Tree farms and sellers will be able to open from Saturday, despite their businesses not being essential.
The new law says the lockdown rules forcing businesses to close in the lockdown will not apply to farms and shops that sell Christmas trees.
Garden centres have always been allowed to stay open, meaning some flower shops have already started selling Christmas trees.
It comes as the Government tries to make Christmas “as normal as possible”.
While the Government has yet to confirm that restrictions will be relaxed over Christmas, there have been reports that families will be able to mix in bubbles.
However, the Daily Telegraph has reported that several households – potentially three – could be allowed to create a bubble temporarily between December 22 and 28, with the plans covering all four nations of the UK.
The announcement of the plans – which will allow families to spend up to seven days together – is expected to come next week.
The paper also reported Chancellor Rishi Sunak pushed to have the restrictions eased ahead of December 25 to allow the hospitality sector to benefit from increased trade.
Restrictions on church services are also due to be lifted allowing Christmas Day services to be held, the paper said.
Currently, churches will remain open for private prayer only, with Downing Street saying in November that outlawing services inside places of worship is “vital in tackling the spread of the virus”.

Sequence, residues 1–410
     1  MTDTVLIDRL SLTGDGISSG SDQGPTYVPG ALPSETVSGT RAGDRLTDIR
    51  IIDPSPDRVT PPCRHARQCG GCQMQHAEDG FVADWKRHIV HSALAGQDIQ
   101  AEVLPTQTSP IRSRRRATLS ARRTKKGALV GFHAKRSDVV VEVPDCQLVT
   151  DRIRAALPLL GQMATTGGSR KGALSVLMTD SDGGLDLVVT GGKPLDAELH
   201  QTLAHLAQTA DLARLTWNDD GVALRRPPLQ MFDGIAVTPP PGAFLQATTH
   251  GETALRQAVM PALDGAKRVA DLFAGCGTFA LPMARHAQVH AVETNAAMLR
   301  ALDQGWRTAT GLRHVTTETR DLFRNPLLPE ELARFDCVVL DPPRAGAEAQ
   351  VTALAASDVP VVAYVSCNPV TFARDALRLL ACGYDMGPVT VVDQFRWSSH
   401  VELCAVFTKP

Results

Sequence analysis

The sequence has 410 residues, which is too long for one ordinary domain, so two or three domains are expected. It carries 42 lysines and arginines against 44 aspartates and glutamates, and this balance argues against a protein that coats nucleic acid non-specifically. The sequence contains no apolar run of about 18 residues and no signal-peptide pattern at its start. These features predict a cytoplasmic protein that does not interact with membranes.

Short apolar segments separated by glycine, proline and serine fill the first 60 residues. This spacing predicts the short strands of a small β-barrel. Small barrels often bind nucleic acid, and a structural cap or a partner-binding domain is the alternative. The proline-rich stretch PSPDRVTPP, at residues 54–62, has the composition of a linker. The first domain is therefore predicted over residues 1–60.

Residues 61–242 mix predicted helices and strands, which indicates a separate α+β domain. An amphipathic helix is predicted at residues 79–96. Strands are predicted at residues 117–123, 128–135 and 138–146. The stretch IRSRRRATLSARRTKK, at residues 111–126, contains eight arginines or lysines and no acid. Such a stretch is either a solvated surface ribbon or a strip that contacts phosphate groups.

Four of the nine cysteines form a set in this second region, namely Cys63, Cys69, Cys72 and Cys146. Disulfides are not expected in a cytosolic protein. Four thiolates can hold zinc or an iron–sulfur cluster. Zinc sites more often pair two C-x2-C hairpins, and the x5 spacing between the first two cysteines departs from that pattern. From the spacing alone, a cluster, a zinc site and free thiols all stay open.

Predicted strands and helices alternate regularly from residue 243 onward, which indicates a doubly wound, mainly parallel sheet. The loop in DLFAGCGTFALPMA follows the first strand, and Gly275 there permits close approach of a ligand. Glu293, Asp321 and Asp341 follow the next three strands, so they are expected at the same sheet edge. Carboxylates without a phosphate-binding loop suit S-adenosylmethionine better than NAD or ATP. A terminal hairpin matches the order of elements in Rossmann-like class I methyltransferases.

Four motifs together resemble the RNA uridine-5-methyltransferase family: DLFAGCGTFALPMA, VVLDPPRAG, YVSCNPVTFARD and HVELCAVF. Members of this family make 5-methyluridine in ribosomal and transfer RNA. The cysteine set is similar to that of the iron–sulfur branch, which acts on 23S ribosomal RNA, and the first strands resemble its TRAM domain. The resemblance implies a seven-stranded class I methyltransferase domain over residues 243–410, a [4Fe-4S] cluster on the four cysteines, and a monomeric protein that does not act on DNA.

Public Health England (PHE) suggested earlier this week that for every one day restrictions were relaxed over the holiday, there would need to be an extra five days of tighter rules.
This would mean that an easing of restrictions for seven days between December 22 and 28 would mean more than a month of tighter regulations, according to this formula.
Although, Professor Jonathan Van-Tam, the deputy chief medical officer for England, said there was “no magic number” relating to an easing of lockdown and a subsequent period of tighter measures.
He said it was more important people complied with whatever rules were in place if coronavirus infection rates were to be held down.
“There is no magic number about how many days this is going to cost us so we shouldn’t frame it that way,” he added.